Since there are sibling classes and each can have at most variables, we can construct in time . Since , the dynamic program will run in time .

Corollary 1

The evaluation problem for monotone -term DNF, restricted to the uniform distribution on input and unit costs, can be solved exactly in polynomial time for .


Under the uniformity assumption the ratios are the same for all variables. Hence, each sibling class will be evaluated as a single block and tested in an arbitrary order until either a variable evaluates to 0 or a term evaluates to 1, or until the sibling class is exhausted. Since we will evaluate each sibling class together, we can view each class as a single variable. Then we have a -term DNF defined over variables. Let be the set of the new variables. For each , let denote the number of “real” variables in .

We can then find the optimal strategy using a dynamic programming method as before. The first two rules are as in the previous program. We will modify the third rule as follows:

For any partial assignment that does not meet the first two conditions, then

which follows directly from the unit costs and uniform probabilities.

The size of the table will be only ; hence we can determine the optimal testing strategy over the sibling classes in time .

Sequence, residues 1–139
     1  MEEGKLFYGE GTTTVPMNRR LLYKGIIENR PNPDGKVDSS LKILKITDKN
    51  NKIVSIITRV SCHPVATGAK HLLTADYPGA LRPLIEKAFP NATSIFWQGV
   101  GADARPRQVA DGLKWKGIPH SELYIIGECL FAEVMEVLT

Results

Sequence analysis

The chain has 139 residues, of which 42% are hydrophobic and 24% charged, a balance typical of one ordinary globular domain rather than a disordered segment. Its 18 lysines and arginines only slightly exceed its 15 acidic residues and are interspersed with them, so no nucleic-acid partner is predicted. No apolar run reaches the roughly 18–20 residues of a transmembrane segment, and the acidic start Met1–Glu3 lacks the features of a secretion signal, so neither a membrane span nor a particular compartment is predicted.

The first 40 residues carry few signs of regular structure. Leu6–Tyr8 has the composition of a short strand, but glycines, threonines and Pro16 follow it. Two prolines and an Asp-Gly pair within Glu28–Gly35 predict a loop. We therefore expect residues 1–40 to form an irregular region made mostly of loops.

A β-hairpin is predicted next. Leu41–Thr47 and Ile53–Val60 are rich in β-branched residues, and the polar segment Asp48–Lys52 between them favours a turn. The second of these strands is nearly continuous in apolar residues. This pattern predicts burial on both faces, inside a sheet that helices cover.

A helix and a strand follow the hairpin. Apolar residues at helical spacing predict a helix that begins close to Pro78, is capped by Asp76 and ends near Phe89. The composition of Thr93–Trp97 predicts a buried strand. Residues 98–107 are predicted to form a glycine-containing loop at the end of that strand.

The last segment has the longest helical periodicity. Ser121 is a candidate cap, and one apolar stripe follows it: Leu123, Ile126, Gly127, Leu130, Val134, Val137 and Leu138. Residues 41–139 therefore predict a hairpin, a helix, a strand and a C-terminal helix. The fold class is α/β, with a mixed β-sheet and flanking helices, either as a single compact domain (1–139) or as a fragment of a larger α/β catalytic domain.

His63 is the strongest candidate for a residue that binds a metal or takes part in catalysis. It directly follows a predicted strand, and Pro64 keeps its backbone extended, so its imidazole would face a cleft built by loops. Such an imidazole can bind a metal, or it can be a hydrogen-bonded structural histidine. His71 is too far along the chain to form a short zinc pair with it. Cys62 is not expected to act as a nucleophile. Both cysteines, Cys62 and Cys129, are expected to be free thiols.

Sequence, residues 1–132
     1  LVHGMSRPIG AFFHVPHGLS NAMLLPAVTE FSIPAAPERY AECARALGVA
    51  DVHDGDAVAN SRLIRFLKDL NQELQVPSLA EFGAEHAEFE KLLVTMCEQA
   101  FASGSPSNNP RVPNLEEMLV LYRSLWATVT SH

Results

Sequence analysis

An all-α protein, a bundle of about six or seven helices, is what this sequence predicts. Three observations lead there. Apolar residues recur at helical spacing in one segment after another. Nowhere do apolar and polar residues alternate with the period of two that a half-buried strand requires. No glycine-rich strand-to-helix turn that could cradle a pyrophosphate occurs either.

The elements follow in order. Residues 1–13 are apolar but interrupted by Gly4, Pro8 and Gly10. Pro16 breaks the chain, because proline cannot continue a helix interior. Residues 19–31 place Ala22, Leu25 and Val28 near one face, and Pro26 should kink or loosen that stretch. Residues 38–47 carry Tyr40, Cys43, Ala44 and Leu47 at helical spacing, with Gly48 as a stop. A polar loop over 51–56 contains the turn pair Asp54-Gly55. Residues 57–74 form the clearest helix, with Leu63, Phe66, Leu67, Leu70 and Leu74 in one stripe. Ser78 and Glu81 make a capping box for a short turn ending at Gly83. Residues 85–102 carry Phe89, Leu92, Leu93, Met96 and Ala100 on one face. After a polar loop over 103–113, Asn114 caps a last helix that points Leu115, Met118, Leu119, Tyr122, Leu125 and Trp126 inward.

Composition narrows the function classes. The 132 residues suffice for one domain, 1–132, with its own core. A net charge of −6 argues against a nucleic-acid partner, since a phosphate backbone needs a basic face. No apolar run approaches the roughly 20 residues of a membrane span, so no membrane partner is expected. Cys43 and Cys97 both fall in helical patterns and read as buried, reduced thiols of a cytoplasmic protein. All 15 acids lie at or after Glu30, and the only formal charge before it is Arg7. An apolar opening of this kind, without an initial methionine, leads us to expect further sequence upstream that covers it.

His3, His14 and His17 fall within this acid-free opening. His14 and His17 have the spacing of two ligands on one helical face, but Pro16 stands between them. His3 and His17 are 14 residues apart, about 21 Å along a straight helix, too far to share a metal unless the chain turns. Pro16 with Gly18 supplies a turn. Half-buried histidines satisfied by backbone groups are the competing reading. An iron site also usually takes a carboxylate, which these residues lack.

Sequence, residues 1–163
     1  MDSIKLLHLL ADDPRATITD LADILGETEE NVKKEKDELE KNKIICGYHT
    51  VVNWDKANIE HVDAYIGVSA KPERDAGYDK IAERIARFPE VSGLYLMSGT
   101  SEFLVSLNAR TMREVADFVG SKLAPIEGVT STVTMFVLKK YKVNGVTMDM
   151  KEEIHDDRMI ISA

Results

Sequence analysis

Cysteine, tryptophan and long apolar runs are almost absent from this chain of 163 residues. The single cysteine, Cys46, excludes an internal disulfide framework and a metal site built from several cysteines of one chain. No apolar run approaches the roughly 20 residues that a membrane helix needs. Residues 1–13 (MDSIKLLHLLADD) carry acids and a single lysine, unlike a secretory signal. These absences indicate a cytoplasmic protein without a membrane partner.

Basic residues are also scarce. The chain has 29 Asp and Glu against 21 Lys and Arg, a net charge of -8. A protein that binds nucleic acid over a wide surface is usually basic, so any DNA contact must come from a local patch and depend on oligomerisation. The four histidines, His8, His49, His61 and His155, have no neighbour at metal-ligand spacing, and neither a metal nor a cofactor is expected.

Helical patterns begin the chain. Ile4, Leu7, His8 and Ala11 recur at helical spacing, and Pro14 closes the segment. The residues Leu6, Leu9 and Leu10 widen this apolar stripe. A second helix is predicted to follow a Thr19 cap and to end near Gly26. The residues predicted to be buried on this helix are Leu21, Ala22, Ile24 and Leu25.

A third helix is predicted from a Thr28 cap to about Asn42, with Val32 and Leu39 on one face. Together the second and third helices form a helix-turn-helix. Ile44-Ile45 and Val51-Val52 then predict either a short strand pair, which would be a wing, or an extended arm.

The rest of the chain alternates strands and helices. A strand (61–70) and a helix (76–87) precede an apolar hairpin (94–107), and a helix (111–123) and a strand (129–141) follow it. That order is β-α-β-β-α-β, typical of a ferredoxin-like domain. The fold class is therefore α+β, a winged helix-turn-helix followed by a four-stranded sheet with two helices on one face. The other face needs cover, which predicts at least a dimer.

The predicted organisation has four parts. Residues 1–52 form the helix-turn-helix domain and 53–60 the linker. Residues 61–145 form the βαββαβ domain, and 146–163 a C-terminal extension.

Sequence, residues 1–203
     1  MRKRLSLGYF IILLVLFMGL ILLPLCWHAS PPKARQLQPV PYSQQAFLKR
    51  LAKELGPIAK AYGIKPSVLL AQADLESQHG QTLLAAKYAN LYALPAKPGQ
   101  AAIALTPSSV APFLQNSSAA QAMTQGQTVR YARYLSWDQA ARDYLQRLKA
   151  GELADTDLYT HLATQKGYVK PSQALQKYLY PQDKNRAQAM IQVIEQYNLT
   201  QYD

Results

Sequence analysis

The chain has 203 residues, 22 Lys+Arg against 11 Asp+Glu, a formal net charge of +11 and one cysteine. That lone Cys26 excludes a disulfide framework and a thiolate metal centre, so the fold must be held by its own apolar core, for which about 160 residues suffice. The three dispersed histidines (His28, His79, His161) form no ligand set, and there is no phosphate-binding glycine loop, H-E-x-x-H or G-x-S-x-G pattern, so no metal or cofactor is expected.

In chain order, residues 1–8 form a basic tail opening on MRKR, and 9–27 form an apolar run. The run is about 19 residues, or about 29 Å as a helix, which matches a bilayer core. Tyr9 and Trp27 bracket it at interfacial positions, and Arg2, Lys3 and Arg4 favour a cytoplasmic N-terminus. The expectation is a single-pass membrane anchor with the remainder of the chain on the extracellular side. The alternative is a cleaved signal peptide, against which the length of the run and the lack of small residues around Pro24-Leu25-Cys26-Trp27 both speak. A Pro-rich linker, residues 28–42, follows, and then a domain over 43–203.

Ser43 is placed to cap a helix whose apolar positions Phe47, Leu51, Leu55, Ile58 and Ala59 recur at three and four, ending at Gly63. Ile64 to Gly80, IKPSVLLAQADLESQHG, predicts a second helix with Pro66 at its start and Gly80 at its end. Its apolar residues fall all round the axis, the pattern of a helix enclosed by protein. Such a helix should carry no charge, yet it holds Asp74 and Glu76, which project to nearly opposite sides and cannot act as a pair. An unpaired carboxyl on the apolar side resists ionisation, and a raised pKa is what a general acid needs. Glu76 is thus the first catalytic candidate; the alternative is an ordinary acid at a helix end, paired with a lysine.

7 Expected certificate cost and optimal expected evaluation cost

Some of the approximation bounds discussed in this paper are with respect to the optimal expected cost of an evaluation strategy, while others are in terms of the expected certificate cost of the function, which lower bounds the former quantity. It has been previously observed in [5] that for arbitrary probabilities, there can be a gap of between the two measures. In what follows, we prove that even in the unit-cost, uniform distribution case, the ratio between these two can be extremely large: for any constant where . (Note that in the unit-cost case, both measures are at most .) We also show near-optimality of the CDNF approximation bound of Kaplan et al. and give a gap between two complexity measures related to decision trees for Boolean functions.

Theorem 7.1

Let be a constant such that . Let be a read-once DNF formula on variables where each term is of length , and every variable appears in exactly one term. Then , and .


Let designate the base 2 log. Let and . So is a read-once -term -DNF formula.